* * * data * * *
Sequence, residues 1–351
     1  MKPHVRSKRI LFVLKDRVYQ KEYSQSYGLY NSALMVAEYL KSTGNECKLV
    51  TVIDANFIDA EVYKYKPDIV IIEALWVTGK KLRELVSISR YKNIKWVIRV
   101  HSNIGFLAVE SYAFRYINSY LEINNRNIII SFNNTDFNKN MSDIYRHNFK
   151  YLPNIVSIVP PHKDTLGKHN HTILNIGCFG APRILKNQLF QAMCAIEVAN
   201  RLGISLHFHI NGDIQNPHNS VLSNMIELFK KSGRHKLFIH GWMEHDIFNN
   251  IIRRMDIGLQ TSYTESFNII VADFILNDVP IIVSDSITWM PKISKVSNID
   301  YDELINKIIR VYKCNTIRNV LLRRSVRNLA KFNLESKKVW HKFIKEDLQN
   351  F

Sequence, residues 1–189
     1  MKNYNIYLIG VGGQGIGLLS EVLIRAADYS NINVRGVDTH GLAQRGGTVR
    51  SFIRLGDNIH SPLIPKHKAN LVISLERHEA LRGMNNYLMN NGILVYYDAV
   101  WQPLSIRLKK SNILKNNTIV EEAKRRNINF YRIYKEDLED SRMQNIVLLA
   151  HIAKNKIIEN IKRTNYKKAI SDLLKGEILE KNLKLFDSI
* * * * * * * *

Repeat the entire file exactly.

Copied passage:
Sequence, residues 1–351
     1  MKPHVRSKRI LFVLKDRVYQ KEYSQSYGLY NSALMVAEYL KSTGNECKLV
    51  TVIDANFIDA EVYKYKPDIV IIEALWVTGK KLRELVSISR YKNIKWVIRV
   101  HSNIGFLAVE SYAFRYINSY LEINNRNIII SFNNTDFNKN MSDIYRHNFK
   151  YLPNIVSIVP PHKDTLGKHN HTILNIGCFG APRILKNQLF QAMCAIEVAN
   201  RLGISLHFHI NGDIQNPHNS VLSNMIELFK KSGRHKLFIH GWMEHDIFNN
   251  IIRRMDIGLQ TSYTESFNII VADFILNDVP IIVSDSITWM PKISKVSNID
   301  YDELINKIIR VYKCNTIRNV LLRRSVRNLA KFNLESKKVW HKFIKEDLQN
   351  F

Sequence, residues 1–189
     1  MKNYNIYLIG VGGQGIGLLS EVLIRAADYS NINVRGVDTH GLAQRGGTVR
    51  SFIRLGDNIH SPLIPKHKAN LVISLERHEA LRGMNNYLMN NGILVYYDAV
   101  WQPLSIRLKK SNILKNNTIV EEAKRRNINF YRIYKEDLED SRMQNIVLLA
   151  HIAKNKIIEN IKRTNYKKAI SDLLKGEILE KNLKLFDSI